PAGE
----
IGMUN VIII Theme: Sustainability
The topics below are among the most important and timely problems facing our world today. Each topic will be discussed through the simulation of a real United Nations body.
Universal Access to Vaccine Research and Development
World Health Organization (WHO)
Vaccines are a key component in combating infectious disease and preventing global transmission. Does advancing intellectual property rights impact access to vaccines? In accordance with the Agreement on Trade-Related Aspects of Intellectual Property Rights there should be flexibility in order to protect public health, and, in particular, provide access to medicines for all. However patents create a monopoly that raise prices of patented vaccine since they will not experience any true competition. While there exist mechanisms to facilitate access to patented vaccines, including bulk purchasing, compelling and voluntary licensing. Should such means be necessary, or is vaccine research a public domain necessary for public health and equal accessibility that should be protected.
The Political Situation in Korea
United Nations Security Council (UNSC)
Since the end of the Korean War, the Democratic People’s Republic of Korea and the Republic of Korea have embraced very different and competitive strategies for modernization and development.The purpose of this committee is to consider the options that both North and South Korea have to explore and whether absolute peace talks can be accomplished with full transparency despite foreign intervention, historical context and enmities, and lingering distrust. Keeping in mind the actions and powers in the Security Council and the responsibility of peace the organization holds to the international community, will North and South Korea’s bold goals of final peace and no nuclear arms be achieved?
Transboundary Cooperation for Sustainable Water Resource Management
The 263 transboundary lake and river basins around the world cover almost half of the Earth’s surface, supplying water, power, and transportation for billions of people. As climate change increases global water scarcity, many have voiced concerns about the future of these waterways and the conflicts that may develop over their control. Issues range from local overexploitation and increasing population to international power dynamics that leave poorer countries with inadequate water resources. As seen most apparently in the Middle East, intranational water conflicts can contribute to existing tense situations between countries. Yet there is a great deal of hope. Since 1948, there have been 37 incidents of acute conflict over water, but 295 international water agreements have been negotiated and signed in the same period. Since 2003, the Water Convention has served as a framework for water resource management around the world. UN-Water plays an important role in monitoring and studying transboundary basins and making sure water issues have a place in international law and policy. With a changing climate and political tensions building around the globe, how can UN-Water continue to support nations in managing their transboundary waters sustainably and peacefully?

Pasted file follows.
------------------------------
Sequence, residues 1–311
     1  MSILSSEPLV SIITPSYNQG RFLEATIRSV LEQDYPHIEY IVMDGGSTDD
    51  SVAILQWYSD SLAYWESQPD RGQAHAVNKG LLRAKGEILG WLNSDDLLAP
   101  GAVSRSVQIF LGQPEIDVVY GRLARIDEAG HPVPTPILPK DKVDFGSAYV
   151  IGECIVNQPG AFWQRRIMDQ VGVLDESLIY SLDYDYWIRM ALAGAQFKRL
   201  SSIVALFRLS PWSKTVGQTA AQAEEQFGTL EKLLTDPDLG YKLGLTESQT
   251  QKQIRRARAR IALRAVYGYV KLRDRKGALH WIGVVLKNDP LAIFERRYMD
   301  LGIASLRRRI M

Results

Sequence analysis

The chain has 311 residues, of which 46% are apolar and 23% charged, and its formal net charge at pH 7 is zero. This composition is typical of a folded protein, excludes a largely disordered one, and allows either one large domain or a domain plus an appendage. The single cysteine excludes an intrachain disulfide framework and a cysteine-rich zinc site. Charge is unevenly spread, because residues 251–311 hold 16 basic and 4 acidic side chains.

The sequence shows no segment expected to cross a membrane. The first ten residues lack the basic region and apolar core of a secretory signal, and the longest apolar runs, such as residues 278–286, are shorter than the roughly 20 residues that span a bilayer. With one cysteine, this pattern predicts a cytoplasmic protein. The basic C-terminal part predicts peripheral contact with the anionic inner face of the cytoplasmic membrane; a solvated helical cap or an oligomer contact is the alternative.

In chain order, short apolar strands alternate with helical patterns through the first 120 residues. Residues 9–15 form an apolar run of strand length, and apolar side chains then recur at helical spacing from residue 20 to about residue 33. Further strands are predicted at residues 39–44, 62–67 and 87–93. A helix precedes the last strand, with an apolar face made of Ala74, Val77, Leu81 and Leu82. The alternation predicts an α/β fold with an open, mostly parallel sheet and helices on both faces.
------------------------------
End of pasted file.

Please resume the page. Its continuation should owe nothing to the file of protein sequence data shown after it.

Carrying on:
International Energy Agency (IEA)
The International Energy Agency defines renewable energy is a less carbon-intensive and more sustainable alternative to traditional energy production systems. Utilization of renewable energy has been increasing in the past few years, with major spike in solar photocoltaics and wind power, which lowered the average prices. The IEA project a rise in generation by about one-third by 2022. Partnerships are important for generation of larger increases in renewable energy production; therefore, the IEA unites governments and industry NGOs and launches IEA’s Technology Collaboration Programmes. China is a prominent leader in the industry, accounting for 40% of the overall solar PV capacity growth. China has proved that costs of generation of energy by solar PV can fall lower than by coal or gas power plants from a government policy change.
Mobility – the ability to get from one place to another – is a fundamental human need. Whether for work, travel, or obtaining necessities like food and water, sustainable transportation is a vital part of everyday activities across the globe. But transportation today faces many challenges. In the United States, the transportation sector accounts for over a quarter of carbon emissions, mainly due to the continuing dominance of single-occupancy vehicles. Transportation can be a major benefit to economic activity, but wasteful spending on ineffective infrastructure can drain the resources of governments. Transportation is particularly important for marginalized populations, such as low-income and disabled individuals, but current systems often do not cater to their needs. Yet there are also exciting innovations that have the potential to drastically change transportation as we know it. The sharing economy has brought on-demand access to cars and bicycles to cities from China to France. Increasing advances in electric vehicles and driverless cars have many theorists predicting radically new sustainable transportation systems in the near future. Across the globe, nations are building new highways, railways, and airports to accommodate growing populations and a growing international economy. The question is: how do we provide effective transportation to the world’s population, while ensuring affordability and limiting harm to the environment?